France is home to some 8 million Muslims, the largest Muslim population in Europe, and this issue seems to be the hottest theme in the upcoming presidential election. It seems that the “problem” with Islam will be taken up and probably mistreated by the candidates regardless of their political orientation. In the past, the right wingers would demonize immigrants and religious minorities but today it seems the leftists have realized the importance of unemployment, which is currently at 10 percent, and they have begun to take a stand against “foreigners”. Foreigners are not only the people who have migrated to France recently but also the people who were born in France, yet whose religion, culture or understanding of laïcité are “foreign”.

Hollande’s attacks mainly target French Muslim women. He believes that the Muslim women are enslaved by their veils and they must prefer freedom by taking off their headscarves. In this way they would not only become French but also appropriate their place in French society. Then comes a shocking statement: “La femme voilée d’aujourd’hui sera la Marianne de demain” (The veiled woman of today will be the Marianne of tomorrow), a reference to the treasured figure of a woman bearing the tri-color who symbolizes liberty, reason, and the staunchly secular French Republic. Probably he recently read the famous work of Roland Barthes (Mythologies, (1957) Seuil) and assumes that the Muslim woman would take the place of young black soldier, on the cover of the magazine Paris Match, who salutes “with his eyes uplifted, probably fixed on a fold of the tricolour”. Similarly, the Muslim woman, like Marianne, would faithfully serve her country without being discriminated against if and when she liberates herself from the male dominance under the guise of headscarf. He insists that all citizens must subscribe to the same (republican) values in the public sphere in order to be integrated into society. Yet, he seems to forget another important issue: the principles and values of a multicultural society. Who knows, one day a veiled Marianne would rouse the French people to action but this time not against foreigners or immigrants but those who try to destroy the values of pluralism. Finally, targeting Islam and Muslims, M. Hollande must understand, will not help him in gaining popularity but makes him a person, in his ex-girlfriend’s (Valérie Trierweiler) words, “froid, sans coeur, totalement dépassé par les événements, calculateur, parfois méchant, enfermé dans une bulle” (cold, heartless, overwhelmed by the events, calculating, sometimes nasty, shut in a bubble). He should remember that opportunism does not always work as a tool to win elections, let alone the hearts of “sans-dents” (without teeth) and other marginalized groups in France.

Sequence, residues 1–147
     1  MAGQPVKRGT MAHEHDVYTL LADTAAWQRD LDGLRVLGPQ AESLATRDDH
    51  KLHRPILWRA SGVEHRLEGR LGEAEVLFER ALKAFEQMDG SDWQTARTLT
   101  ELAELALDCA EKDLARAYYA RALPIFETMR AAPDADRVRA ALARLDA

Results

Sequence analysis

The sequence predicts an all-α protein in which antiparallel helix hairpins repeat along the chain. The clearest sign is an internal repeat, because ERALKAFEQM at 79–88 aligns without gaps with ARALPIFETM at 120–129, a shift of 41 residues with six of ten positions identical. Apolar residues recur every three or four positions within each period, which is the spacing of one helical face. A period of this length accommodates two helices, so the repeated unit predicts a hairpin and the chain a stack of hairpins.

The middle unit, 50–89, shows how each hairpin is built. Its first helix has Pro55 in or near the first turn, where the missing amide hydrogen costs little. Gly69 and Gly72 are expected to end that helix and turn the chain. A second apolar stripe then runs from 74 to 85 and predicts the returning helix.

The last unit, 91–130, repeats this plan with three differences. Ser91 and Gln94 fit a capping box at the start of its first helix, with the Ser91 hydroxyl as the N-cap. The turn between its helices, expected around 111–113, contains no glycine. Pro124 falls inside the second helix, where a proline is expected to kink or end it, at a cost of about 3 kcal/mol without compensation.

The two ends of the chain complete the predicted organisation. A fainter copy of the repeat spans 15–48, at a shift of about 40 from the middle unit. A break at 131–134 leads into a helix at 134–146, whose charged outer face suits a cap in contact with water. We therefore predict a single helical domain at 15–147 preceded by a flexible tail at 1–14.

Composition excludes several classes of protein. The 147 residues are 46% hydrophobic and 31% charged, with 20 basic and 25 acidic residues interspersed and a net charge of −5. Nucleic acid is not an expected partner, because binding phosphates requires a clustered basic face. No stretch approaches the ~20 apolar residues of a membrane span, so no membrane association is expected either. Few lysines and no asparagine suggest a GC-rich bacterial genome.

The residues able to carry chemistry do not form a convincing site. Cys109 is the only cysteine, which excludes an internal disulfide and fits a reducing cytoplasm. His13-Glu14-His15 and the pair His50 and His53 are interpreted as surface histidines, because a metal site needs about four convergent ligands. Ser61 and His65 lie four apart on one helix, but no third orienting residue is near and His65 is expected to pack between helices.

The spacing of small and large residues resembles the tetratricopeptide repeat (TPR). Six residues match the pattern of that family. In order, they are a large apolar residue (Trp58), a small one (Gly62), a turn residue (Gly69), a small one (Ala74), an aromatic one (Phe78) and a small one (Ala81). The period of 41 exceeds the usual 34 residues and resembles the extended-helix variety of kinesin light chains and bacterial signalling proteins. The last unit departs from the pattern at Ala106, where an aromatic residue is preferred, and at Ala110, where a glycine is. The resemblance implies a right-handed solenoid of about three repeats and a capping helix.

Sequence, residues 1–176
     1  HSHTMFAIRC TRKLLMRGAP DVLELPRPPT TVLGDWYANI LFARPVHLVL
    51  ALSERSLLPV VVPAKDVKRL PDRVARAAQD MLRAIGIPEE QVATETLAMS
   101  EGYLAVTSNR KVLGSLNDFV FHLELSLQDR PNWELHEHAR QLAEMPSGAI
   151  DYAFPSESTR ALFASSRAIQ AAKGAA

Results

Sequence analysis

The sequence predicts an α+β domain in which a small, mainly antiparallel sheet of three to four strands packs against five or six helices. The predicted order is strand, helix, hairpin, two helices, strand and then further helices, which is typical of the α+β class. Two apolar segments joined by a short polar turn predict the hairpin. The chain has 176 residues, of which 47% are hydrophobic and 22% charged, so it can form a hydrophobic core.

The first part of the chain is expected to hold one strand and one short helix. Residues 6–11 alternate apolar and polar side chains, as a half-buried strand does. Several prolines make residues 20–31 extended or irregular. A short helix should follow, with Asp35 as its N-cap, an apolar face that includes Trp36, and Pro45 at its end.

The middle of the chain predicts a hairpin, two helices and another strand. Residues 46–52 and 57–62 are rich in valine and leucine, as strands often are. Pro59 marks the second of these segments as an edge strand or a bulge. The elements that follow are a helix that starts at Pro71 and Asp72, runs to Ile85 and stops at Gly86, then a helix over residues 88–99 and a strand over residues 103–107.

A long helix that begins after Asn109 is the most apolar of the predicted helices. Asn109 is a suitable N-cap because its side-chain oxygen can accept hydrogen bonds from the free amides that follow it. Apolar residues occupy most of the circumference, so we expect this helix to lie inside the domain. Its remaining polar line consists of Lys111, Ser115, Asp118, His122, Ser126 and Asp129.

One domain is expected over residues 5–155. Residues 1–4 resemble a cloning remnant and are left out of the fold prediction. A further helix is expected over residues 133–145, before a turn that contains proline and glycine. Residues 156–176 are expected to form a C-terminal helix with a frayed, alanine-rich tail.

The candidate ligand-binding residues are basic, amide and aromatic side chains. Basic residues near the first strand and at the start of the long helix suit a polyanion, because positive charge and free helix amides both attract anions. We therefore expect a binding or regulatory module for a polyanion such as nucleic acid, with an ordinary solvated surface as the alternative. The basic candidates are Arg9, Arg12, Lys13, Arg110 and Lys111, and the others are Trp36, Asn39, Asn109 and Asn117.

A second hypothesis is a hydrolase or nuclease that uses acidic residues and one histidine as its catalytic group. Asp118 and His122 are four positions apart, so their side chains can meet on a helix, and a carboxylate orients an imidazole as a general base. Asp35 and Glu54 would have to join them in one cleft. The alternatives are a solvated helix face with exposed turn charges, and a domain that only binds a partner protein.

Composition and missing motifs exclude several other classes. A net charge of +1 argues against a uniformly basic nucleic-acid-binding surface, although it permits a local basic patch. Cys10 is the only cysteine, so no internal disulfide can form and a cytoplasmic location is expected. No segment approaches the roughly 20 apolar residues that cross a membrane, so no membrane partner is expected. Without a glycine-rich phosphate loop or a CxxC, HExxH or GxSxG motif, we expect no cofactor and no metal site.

* Opinions expressed in this piece are the author’s own and do not necessarily reflect Anadolu Agency’s editorial policy.